The impact of traffic congestion on access to jobs differs significantly among major US cities. According to the Access Across America: Auto 2018 study from the U’s Accessibility Observatory, the Minneapolis–Saint Paul metro area ranked 6th in terms of job accessibility but 28th in the reduction in job access due to congestion. In fact, the Twin Cities this year edged above the much-larger Houston, which ranks 7th in job accessibility even though it has a million more jobs.
“Every year I look at these results, it’s stunning how well the Twin Cities does in making it easier to get to work compared to other major US metros,” says Andrew Owen, director of the Observatory. “We have a well-designed and well-managed transportation network that connects people to lots and lots of jobs.”
By contrast, Philadelphia ranks 6th nationally in total jobs but 13th in access to those jobs and 13th in congestion delays. The Boston metro, which ranks 10th in total jobs, also faces significant challenges, ranking 5th in congestion delays and 17th in accessibility.
Key factors affecting the rankings for any metro area include the number of jobs available and where they are located, the road network structure, traffic management practices, the provision of alternate transportation modes, and population size, density, and location. Better coordination of transportation systems with the location of jobs and housing improves job accessibility by auto.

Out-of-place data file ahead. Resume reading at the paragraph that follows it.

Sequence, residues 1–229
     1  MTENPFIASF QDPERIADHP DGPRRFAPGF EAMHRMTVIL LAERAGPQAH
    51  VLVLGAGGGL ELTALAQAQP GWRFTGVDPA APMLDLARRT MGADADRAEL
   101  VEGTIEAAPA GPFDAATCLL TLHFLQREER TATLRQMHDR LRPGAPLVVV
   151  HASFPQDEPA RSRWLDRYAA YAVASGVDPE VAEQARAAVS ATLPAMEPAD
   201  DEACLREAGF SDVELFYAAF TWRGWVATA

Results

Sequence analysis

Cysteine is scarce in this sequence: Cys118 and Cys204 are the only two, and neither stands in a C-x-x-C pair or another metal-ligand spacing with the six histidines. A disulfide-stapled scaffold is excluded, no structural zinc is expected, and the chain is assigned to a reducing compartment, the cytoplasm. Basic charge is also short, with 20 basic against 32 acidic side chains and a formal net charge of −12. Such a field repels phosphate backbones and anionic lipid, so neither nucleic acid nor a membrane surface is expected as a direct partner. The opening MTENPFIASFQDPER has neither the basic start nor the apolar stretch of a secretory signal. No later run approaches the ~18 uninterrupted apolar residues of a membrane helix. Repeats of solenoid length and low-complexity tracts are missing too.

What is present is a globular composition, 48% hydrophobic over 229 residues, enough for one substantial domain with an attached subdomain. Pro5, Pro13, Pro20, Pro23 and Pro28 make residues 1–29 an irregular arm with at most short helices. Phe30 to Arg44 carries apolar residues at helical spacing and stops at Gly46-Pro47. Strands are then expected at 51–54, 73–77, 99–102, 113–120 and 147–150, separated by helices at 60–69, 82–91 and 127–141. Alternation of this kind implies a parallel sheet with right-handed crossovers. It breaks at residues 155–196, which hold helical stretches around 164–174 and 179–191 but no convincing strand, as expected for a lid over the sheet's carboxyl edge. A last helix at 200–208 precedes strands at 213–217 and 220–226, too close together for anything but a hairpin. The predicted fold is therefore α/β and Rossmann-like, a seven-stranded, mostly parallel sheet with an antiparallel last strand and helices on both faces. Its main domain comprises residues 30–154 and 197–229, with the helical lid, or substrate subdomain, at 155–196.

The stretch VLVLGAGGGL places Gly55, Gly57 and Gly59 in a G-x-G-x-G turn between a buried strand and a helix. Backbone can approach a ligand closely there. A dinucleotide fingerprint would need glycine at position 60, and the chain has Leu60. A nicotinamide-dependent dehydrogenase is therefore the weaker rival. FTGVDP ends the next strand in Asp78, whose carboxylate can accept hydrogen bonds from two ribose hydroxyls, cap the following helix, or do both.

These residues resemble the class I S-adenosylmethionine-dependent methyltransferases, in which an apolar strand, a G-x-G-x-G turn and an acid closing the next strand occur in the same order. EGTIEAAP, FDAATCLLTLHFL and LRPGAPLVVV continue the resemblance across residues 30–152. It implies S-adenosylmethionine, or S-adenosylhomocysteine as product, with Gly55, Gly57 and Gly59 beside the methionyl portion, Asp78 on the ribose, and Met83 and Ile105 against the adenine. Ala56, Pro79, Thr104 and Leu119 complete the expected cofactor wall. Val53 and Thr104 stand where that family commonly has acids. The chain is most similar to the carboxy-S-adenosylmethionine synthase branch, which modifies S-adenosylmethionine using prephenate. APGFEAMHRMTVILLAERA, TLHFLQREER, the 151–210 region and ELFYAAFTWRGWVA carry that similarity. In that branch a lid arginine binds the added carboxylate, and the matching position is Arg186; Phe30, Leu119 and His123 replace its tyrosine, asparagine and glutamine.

The annual study, part of the Access Across America study that began in 2013, ranks the 50 largest (by population) metropolitan areas in the United States for connecting workers with jobs by auto and measures the delay getting to those jobs due to traffic congestion.
Rankings of the top 10 metro areas for job accessibility by auto in 2018 changed only slightly from the previous year, with Los Angeles, New York, and Dallas topping the list.
Rankings for the top 10 metro areas for loss in job accessibility due to congestion are topped by Los Angeles; Riverside, California; and New York. The Washington, DC, metro area fell to 8th, likely due to the unavailability of census data on federal workers.
This year’s report also includes detailed block-level maps that illustrate the spatial patterns of accessibility within each area.
The research is sponsored by the National Accessibility Evaluation Pooled-Fund Study, a multi-year effort led by the Minnesota Department of Transportation and supported by partners including the Federal Highway Administration and 12 additional state DOTs.
The Observatory is the nation’s leading resource for the research and application of accessibility-based transportation system evaluation.
Top 10 metro areas with the greatest
Top 10 metro areas where congestion causes the greatest percentage reduction in job accessibility: